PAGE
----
Med diet helps keep the weight off

By Stephen Daniells

- Last updated on GMT

Related tags Mediterranean diet Nutrition Obesity

People who eat a tradition Mediterranean diet are 60 per cent less
likely to be obese, Greek researchers have said as the country's
women top Europe's obesity table.

The Med diet, rich in cereals, fruits, legumes and whole grains, fish and olive oil, has been linked to longer life, less heart disease, and protection against some cancers. The diet's main nutritional components include beta-carotene, vitamin C, tocopherols, polyphenols, and essential minerals.

A recent report from the International Obesity Task Force said 75 per cent of Greek women were overweight or obese, while the men were not far behind with 72 per cent. The prevalence of heart disease is also high in Greece, leading some people to link the unsaturated fat-rich diet to rising obesity levels.

The cross-sectional study surveyed the diet of 1514 men and 1528 women with an average age of 45. The diets were evaluated using a self-administered, validated food frequency questionnaire. Daily or weekly intake of 156 different foods was reported, along with alcohol consumption and physical activity.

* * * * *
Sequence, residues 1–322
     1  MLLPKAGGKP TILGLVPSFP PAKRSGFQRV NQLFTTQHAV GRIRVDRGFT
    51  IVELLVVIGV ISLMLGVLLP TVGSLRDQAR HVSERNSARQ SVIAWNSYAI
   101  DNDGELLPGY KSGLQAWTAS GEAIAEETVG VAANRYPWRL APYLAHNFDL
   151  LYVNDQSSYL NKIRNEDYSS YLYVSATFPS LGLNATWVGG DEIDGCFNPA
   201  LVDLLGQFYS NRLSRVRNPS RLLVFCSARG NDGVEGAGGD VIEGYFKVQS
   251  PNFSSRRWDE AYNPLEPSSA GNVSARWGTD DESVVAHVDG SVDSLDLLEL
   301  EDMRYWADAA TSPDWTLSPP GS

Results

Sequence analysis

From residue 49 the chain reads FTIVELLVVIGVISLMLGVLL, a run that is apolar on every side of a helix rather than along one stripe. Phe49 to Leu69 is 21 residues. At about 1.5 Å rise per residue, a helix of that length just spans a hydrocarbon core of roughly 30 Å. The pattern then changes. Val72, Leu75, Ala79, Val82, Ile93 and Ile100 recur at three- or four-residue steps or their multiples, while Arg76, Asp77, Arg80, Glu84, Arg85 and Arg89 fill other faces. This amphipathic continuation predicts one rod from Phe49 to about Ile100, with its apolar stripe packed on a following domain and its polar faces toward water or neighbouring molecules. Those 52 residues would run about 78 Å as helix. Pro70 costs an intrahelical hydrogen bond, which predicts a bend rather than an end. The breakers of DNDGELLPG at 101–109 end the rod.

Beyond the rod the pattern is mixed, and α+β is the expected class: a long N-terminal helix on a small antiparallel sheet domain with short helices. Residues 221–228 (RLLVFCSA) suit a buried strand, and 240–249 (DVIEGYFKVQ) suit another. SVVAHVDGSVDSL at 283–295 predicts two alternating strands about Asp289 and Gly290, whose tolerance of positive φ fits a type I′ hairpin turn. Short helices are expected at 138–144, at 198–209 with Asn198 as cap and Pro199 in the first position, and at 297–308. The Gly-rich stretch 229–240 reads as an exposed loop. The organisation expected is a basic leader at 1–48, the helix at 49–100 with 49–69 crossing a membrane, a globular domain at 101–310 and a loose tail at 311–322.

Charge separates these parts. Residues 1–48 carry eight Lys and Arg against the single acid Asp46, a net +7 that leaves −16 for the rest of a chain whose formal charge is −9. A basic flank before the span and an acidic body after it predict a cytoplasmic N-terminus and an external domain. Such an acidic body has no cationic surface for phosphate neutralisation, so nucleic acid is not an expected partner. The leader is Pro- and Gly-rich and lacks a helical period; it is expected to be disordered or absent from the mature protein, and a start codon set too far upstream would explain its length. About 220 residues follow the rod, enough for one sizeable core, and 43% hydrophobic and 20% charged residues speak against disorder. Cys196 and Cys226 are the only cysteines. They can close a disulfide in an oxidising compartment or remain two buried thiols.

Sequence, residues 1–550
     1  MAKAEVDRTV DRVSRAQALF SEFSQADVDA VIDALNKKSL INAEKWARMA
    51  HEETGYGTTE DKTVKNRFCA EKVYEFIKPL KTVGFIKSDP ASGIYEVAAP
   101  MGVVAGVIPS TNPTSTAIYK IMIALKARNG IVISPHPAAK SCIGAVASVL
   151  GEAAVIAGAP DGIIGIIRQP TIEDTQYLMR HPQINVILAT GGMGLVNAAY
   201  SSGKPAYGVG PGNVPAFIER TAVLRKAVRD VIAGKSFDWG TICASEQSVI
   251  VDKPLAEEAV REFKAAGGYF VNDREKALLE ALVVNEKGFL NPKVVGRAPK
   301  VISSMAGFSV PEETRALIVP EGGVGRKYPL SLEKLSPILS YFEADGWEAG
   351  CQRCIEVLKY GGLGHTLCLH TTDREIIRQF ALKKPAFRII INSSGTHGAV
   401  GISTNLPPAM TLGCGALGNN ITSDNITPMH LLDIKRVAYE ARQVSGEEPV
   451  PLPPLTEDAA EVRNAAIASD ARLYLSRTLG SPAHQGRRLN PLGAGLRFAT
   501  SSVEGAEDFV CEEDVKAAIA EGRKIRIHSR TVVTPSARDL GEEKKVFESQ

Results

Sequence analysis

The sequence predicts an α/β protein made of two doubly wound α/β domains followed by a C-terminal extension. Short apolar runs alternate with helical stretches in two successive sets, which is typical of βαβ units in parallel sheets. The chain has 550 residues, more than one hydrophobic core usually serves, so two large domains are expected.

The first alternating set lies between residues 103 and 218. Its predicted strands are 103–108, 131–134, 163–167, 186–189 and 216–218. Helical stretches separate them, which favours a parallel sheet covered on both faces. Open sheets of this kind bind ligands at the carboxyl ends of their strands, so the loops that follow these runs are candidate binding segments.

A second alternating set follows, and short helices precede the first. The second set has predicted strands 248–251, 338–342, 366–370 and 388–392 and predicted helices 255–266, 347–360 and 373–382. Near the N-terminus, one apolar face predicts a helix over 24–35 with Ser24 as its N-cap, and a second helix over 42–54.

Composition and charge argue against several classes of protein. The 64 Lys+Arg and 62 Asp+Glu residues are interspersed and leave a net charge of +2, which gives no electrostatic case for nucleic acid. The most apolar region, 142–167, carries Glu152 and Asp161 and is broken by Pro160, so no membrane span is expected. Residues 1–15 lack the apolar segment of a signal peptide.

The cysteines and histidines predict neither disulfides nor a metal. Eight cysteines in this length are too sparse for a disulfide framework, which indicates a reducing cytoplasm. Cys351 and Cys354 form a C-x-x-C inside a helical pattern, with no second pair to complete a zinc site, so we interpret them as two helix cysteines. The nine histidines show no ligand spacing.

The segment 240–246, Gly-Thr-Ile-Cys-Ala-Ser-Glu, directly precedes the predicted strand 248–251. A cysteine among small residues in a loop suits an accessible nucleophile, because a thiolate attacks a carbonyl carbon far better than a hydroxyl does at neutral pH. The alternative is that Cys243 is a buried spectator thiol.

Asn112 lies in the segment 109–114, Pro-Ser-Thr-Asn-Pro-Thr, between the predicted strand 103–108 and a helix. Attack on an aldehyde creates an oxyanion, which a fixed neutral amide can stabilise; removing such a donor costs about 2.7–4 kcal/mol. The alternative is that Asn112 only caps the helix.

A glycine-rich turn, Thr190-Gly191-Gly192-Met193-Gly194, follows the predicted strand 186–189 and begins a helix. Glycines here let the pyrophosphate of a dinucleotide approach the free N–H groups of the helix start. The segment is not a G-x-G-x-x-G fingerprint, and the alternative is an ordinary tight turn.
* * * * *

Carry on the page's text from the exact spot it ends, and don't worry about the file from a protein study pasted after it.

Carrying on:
"Greater adherence to the Mediterranean diet was associated with a 51 per cent lower odds of being obese and a 59 per cent lower odds of having central obesity,"​ wrote lead author Demosthenes Panagiotakos in the journal Nutrition​ (available online February 2006, doi:10.1016/j.nut.2005.11.004).

The authors addressed the controversy that, although eating a Mediterranean diet is linked to lower rates of obesity, a large portion of the Greek population is considered overweight or obese.

"Greeks seem to have a dietary pattern other than the Mediterranean one because the average diet score was low,"​ said Panagiotakos.

This supports another Greek study reported in the American Journal of Clinical Nutrition​ (Vol. 82, pp. 935-940) which concluded, "Overweight is a genuine problem in Greece and perhaps other Mediterranean countries, but it is likely to be related to limited physical activity in conjunction with excessive positive energy balance, brought about by the westernization of the Mediterranean diet."

"Our findings have a significant public health message because the adoption of this dietary pattern seems to moderate the prevalence of obesity and, presumably, cardiovascular risk,"​ concluded Panagiotakos.

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